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October 30, 2020 at 12:47 pm
first of all i want to thank you so much for your lecture about traditional theory and M&M about capital structure. you delivered this lecture in such a simple way, yet include all the important points, which should be there to make the students to comprehend the theories.
in the video you mentioned that M&M theory assumes that the debt is irredeemable. and this has caused the Kd to be in the consistent rate. is my interpretation about the assumption correct ?
thanks in advance for your response
John Moffat says
October 30, 2020 at 2:03 pm
Thank you for your comment 🙂
The proof of M&M (which is not required for the exam) does assume that the debit is irredeemable. However the fact that Kd is constant is because we assume also that the debt is risk-free. The assumption that it is irredeemable is because otherwise the gearing would change in the future due to having to repay it.
November 2, 2020 at 7:28 pm
Thanks 🙂 once again, what a mind-blowing explanation.!
February 22, 2019 at 2:41 pm
Pecking order theory is concerned with the raising of long-term capital (not short-term finance, which is what delaying payments is).
July 29, 2019 at 5:26 pm
Hello sir. Please can tax benefits be applied to preference shares?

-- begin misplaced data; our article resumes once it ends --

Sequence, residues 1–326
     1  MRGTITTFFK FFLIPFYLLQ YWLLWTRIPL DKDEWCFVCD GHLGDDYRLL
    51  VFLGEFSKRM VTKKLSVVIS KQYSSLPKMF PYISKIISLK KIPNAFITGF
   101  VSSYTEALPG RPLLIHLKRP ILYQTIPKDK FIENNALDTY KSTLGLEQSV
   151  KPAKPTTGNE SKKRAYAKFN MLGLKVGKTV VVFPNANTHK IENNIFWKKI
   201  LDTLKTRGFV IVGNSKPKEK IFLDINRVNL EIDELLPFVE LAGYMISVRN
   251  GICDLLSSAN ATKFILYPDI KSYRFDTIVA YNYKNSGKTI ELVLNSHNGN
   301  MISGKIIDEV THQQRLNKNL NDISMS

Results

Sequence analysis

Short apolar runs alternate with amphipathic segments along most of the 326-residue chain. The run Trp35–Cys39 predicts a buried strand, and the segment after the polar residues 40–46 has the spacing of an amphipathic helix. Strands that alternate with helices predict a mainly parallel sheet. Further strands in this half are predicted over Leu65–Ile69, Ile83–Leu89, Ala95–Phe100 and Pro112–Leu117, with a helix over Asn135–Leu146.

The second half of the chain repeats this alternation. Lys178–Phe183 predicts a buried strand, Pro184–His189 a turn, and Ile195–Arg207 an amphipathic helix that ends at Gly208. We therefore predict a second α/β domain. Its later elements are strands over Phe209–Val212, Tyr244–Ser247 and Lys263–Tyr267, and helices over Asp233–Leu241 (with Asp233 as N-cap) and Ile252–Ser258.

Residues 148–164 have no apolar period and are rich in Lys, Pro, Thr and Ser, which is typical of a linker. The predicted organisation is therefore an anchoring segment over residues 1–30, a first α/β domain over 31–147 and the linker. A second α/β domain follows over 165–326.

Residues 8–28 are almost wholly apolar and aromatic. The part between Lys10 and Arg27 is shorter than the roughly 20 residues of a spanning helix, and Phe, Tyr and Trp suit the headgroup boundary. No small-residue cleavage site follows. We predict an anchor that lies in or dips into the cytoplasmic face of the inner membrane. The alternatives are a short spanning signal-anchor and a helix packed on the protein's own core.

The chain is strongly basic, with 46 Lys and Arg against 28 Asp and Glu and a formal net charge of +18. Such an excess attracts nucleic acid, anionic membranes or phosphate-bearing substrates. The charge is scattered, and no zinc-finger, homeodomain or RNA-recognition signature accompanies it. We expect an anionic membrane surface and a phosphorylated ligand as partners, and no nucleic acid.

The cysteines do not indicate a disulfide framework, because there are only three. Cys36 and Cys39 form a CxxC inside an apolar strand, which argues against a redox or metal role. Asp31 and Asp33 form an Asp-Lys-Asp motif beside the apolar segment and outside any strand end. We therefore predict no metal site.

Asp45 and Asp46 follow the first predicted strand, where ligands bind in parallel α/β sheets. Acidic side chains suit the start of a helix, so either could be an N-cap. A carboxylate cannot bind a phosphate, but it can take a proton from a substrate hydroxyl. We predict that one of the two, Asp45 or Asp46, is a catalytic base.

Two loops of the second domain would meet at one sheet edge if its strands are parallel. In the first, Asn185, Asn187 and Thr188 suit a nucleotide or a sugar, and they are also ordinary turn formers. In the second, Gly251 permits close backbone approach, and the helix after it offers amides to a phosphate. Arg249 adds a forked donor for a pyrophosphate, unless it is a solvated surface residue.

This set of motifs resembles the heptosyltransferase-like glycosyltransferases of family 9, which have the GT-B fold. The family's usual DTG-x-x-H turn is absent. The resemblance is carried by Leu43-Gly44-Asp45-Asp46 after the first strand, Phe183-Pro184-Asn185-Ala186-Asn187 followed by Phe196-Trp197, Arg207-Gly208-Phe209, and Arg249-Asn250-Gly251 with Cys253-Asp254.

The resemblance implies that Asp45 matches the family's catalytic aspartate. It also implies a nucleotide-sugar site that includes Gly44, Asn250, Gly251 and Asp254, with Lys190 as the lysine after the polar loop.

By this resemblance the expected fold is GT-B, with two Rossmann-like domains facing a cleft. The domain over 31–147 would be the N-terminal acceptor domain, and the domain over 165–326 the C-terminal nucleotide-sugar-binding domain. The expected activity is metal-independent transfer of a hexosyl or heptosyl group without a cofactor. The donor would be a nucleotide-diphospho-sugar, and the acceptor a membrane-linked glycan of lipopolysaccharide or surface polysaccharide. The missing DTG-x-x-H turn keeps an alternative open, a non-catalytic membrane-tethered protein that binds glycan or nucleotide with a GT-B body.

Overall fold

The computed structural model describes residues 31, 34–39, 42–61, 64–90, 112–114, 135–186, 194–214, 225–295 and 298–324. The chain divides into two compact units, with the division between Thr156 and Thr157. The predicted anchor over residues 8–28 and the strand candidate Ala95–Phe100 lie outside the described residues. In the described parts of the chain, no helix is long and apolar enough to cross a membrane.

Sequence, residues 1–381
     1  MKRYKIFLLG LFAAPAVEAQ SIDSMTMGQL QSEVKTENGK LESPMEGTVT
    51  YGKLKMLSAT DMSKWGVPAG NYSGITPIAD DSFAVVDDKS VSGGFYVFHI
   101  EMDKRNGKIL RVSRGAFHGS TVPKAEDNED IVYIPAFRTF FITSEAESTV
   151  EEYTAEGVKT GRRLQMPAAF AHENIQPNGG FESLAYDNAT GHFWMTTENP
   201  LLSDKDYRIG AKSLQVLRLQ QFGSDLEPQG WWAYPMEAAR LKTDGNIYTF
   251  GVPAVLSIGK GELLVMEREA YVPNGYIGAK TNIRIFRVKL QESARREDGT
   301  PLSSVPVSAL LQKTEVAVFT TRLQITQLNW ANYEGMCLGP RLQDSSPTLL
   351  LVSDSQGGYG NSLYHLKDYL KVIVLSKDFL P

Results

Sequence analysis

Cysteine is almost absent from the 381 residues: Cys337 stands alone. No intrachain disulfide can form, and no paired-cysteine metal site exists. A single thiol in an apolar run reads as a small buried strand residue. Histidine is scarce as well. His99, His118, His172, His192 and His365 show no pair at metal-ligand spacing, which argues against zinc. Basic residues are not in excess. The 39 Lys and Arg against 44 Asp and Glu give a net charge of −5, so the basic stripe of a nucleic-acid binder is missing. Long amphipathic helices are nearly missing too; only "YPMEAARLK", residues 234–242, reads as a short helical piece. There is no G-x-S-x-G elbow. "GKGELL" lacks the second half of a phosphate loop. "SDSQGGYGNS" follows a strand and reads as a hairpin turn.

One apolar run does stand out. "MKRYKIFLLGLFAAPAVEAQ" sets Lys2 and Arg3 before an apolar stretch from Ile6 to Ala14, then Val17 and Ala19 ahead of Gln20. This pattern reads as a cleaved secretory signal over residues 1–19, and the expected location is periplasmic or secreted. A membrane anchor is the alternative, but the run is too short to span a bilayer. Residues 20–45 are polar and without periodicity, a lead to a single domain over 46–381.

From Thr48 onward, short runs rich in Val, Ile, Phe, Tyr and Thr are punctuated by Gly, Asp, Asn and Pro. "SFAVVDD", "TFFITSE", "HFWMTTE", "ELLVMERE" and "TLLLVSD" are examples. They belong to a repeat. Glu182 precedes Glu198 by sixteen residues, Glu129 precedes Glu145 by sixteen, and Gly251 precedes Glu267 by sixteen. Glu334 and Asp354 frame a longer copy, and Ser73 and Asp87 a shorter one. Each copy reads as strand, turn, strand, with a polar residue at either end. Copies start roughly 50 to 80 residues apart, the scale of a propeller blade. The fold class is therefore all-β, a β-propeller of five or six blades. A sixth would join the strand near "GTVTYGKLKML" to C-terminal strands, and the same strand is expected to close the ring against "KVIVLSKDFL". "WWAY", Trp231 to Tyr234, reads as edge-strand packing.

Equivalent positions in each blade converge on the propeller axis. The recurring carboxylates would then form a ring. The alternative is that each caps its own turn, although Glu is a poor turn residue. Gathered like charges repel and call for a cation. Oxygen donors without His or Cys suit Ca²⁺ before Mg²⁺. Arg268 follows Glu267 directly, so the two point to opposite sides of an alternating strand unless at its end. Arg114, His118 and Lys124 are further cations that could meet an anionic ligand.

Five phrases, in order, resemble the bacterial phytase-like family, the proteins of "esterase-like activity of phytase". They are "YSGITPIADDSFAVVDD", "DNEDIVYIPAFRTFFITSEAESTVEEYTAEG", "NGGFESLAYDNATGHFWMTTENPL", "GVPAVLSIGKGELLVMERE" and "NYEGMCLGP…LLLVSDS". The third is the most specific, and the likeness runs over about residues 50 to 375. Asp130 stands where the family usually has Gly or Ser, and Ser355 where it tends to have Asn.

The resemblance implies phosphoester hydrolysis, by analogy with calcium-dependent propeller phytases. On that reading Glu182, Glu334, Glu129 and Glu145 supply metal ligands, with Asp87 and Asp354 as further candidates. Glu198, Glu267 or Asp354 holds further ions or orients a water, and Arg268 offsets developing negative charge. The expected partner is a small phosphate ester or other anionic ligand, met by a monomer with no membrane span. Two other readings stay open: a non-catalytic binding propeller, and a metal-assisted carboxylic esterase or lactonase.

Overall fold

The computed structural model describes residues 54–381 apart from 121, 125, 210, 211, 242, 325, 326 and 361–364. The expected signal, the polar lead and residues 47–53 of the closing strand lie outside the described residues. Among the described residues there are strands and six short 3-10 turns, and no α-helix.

February 19, 2020 at 1:57 pm
No. Because preference share holders get dividend and dividends are not tax allowable.
February 22, 2019 at 7:55 am
Hi John, In terms of financing working capital , within the pecking order theory where would you place withholding supplier payments?
December 19, 2018 at 11:33 am
Hello sir, How can there be a cost of debt 10% in the example 1 when there is no debt at all. 0 % share of debt is given in scenario 1 of example 1?
December 19, 2018 at 2:27 pm
Why not? Maybe you could borrow money from the bank at a cost of 10% – it doesn’t mean you will necessarily be borrowing it 🙂
Anyway, the graph is only of relevance in explaining what happens to the WACC and since they are not borrowing debt at 0% gearing, it is not included in the calculation of the WACC!!
December 20, 2018 at 7:26 am
That expalains it. Thank you 🙂
December 20, 2018 at 7:35 am
You are welcome 🙂
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